After Market: Obama Talks Tough on Crimea, and Investors Shiver

Before you go, we thought you'd like these...
Before you go close icon

Stocks turned lower Wednesday after President Obama took a harder line against Russia. The president called for more sanctions against Russia in the wake of its invasion and annexation of Crimea, which raised fresh geopolitical concerns on Wall Street.
Saul Loeb/AFP/Getty ImagesIn a speech at the European Union headquarters in Brussels Wednesday, President Barack Obama said Russia stood alone on the Ukraine crisis, cementing Western opposition to its takeover of Crimea.
The Dow Jones industrial average (^DJI) gave up strong early gains to end down 99 points (0.6 percent), and the Standard & Poor's 500 index (^GPSC) fell 13 points (0.7 percent). But the Nasdaq composite (^IXIC) was the big loser, dropping 60 points (1.4 percent).

Facebook (FB) slid 7 percent after revealing it was paying $2 billion to buy Oculus, a virtual-reality headset maker. It's the company's second big acquisition this year.

Other big name Nasdaq stocks dragging the index lower: Twitter (TWTR), down 7 percent; Tesla (TSLA), down 3 percent; and Microsoft (MSFT), down more than 1 percent. Twitter, after a big run-up last year, is now down 36 percent over the past three months.

Panera Bread (PNRA) lost 7 percent on worries about earnings and a brokerage downgrade.

At the NYSE, the big story was the IPO of King Digital (KING), maker of the hugely popular game "Candy Crush." The stock –- you guessed it -- got crushed, falling 15 percent below its $22.50 a share offering price. Investors are concerned that King is a one-trick pony, and the company may never hit it big again after "Candy Crush" inevitably fades.

On the plus side, health care stocks rallied as House Republicans proposed a bill to avoid the planned cut in payments to Medicare providers. Quest Diagnostics (DGX) and Tenet Healthcare (THC) rose 5½ percent. Lab Corp (LH) gained 4 percent.

And Dish Network (DISH) rallied 8 percent on a Bloomberg report that it has approached rival DirecTV (DTV) about a merger. DirecTV gained 6 percent. The retailer Five Below (FIVE) gained 11 percent as earnings topped expectations. But International Game Technology (IGT) fell 8 percent after cutting its guidance.

Finally, a pair of small drug companies got clobbered. Insmed (INSM) fell 14 percent. The only drug it makes failed to meet targets for treating lung infections.

And Exelixis (EXEL) tumbled 39 percent on disappointing results from a trial of its prostate cancer drug.

What to Watch Thursday:
  • The Labor Department releases weekly jobless claims, and the Commerce Department releases final data on fourth-quarter gross domestic product -- both at 8:30 a.m. Eastern time.
  • At 10 a.m., Freddie Mac releases weekly mortgage rates, and the National Association of Realtors releases pending home sales for February.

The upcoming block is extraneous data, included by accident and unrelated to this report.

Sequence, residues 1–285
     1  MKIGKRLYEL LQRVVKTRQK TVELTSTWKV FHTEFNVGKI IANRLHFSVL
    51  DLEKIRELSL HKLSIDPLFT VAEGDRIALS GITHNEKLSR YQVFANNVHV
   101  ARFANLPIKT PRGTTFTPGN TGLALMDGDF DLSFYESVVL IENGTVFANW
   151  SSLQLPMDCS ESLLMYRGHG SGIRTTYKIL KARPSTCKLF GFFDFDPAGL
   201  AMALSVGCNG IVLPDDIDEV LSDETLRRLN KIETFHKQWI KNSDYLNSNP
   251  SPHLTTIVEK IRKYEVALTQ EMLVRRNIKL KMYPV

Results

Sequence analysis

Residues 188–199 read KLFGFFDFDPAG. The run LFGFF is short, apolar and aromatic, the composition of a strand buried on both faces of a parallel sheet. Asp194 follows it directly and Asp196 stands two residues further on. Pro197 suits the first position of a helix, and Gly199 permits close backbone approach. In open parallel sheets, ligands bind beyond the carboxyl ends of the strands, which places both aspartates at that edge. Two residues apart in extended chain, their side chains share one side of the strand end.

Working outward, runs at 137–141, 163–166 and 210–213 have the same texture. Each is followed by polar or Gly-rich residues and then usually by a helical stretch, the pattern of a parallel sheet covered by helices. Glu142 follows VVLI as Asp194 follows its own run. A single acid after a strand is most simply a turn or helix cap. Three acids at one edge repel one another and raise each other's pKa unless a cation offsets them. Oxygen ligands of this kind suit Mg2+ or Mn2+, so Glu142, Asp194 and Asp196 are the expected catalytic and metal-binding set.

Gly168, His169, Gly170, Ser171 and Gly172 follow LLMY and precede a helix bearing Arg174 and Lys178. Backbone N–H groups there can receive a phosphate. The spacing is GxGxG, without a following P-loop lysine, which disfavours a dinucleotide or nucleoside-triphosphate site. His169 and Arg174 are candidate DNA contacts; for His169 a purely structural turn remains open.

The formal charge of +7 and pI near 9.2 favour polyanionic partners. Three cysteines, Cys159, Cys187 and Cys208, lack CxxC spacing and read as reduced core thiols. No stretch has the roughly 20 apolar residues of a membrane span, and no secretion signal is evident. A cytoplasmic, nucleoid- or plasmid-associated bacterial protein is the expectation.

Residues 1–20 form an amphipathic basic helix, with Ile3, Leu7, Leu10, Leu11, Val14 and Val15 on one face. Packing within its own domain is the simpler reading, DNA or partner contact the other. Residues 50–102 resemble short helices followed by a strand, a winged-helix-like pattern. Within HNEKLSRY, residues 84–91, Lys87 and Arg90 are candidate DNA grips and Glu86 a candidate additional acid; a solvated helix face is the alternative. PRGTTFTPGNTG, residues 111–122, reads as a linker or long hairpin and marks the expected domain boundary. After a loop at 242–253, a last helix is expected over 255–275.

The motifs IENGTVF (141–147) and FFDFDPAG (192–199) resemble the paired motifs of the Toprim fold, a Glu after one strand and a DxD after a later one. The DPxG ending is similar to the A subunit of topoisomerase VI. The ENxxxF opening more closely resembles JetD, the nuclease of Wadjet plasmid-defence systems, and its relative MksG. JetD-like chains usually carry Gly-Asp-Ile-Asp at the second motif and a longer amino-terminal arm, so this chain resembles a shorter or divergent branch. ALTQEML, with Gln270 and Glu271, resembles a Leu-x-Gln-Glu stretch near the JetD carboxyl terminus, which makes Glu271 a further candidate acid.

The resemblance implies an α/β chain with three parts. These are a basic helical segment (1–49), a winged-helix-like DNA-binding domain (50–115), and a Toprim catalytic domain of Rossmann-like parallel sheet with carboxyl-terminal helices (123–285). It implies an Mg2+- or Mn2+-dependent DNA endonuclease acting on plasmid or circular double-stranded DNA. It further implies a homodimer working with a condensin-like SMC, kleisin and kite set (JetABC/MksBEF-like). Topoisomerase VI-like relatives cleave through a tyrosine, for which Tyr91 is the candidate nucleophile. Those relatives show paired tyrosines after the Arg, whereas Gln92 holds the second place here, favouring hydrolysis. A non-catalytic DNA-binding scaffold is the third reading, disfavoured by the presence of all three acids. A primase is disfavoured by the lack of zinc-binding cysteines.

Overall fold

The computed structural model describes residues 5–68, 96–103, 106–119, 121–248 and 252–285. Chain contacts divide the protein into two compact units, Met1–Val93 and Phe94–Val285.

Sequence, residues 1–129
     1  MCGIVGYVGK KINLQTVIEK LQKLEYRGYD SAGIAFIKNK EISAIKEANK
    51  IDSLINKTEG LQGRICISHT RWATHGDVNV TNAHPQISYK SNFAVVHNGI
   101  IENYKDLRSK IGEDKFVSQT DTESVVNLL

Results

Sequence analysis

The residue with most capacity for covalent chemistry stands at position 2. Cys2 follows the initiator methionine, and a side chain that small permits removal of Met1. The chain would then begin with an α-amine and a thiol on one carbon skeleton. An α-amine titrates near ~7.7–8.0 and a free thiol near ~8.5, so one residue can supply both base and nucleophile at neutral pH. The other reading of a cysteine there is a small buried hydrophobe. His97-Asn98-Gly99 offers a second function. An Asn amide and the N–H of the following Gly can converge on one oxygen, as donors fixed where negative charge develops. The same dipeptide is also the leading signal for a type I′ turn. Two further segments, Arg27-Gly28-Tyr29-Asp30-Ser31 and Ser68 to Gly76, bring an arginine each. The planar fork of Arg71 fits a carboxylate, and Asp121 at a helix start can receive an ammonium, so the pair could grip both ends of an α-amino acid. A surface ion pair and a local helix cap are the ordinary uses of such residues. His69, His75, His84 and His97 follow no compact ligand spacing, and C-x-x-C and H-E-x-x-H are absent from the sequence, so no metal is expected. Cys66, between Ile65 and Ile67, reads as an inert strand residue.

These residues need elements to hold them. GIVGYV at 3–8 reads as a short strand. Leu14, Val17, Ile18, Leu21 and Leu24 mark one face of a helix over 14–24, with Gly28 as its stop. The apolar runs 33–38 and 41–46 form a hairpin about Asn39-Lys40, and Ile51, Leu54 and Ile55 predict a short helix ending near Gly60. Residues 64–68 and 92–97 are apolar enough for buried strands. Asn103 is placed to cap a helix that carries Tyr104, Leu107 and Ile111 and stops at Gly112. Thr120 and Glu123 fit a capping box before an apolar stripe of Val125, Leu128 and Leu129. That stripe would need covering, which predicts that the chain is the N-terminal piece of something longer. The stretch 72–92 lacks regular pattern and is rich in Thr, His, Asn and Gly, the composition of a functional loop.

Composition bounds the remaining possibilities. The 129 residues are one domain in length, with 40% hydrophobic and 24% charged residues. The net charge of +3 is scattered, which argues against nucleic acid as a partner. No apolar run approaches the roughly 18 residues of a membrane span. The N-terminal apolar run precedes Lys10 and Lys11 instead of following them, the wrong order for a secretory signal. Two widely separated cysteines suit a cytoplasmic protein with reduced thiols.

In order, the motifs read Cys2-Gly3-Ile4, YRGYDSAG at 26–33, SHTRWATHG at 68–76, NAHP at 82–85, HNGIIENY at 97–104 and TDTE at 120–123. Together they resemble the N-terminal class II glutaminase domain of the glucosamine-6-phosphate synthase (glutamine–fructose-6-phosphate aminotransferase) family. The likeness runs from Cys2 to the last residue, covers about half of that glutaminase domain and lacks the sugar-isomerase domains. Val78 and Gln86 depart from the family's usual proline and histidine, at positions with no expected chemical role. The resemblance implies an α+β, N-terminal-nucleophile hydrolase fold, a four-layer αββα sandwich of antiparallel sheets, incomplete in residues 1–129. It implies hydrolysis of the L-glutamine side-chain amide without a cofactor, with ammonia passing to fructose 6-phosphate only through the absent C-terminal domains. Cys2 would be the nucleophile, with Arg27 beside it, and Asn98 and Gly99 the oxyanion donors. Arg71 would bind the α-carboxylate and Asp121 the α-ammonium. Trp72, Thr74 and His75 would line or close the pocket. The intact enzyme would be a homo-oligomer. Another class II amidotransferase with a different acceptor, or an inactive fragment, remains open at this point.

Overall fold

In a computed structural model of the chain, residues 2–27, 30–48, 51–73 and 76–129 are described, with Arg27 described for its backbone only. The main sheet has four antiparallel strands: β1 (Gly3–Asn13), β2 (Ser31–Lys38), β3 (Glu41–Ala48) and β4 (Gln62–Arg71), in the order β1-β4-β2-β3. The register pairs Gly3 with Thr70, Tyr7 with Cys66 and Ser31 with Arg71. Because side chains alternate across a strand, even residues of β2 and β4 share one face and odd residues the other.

These notable companies are scheduled to release quarterly financial statements:
  • Accenture (ACN)
  • GameStop (GME)
  • Lululemon Athletica (LULU)
  • Re/Max Holdings (RMAX)
  • Restoration Hardware (RH)
  • Winnebago (WGO)
-Produced by Drew Trachtenberg.

7 Tax Tips for Investors
See Gallery
After Market: Obama Talks Tough on Crimea, and Investors Shiver
The 1099 forms you received from brokerages and other financial institutions might not be the last ones they send. It's common for them to issue corrected versions a little later. Consider getting your tax return ready to go, then waiting until close to April 15 before submitting it. That way, you can incorporate any last-minute changes and avoid having to file an amended return.
Pay attention to when you sell any holding, because the capital gains tax rates differ for long-term and short-term holdings. Short-term capital gains are taxed at your ordinary income tax rate, which could top 30 percent. Long-term gains (those held for more than a year) get preferential rates, which are zero percent for those in low-income brackets and 15 percent for most of us.
If you own underwater stocks, consider selling them for a loss. You can use those losses to offset gains from other sales, reducing your taxes owed. You can always buy back the asset later, if you still believe in it -- just be sure to wait for 31 days to pass, to observe the "wash sale rule."
If you're planning to sell one or more holdings that will give you a really big gain, submit an amended W-4 form to increase your withholding, or send the IRS an estimated tax payment. Underpaying your taxes significantly during the year can lead to a penalty at tax time. You may be protected by a "safe harbor" provision, though, which can save you from having to jump through those hoops.
If you're planning to buy shares of a mutual fund, determine when it will distribute its dividends. Many funds do so near the end of the year, and when that happens, the fund's share price will drop by the amount of the distribution -- which is taxable to shareholders. It's better to just wait until after that payout to buy in.
Mutual funds with high turnover ratios (reflecting a lot of buying and selling in a fund) have expenses for these trades. It's worth favoring funds with low turnover ratios, especially index funds and index-tracking ETFs, which simply hold onto the mix of securities in a given index, without a lot of trading activity. (Index funds generally outperform their higher-turnover counterparts, too.)
Boost the power of your Individual Retirement Accounts by making your annual contributions early in the year, giving the funds more time to grow. Over decades, it can make a significant difference.
Read Full Story

People are Reading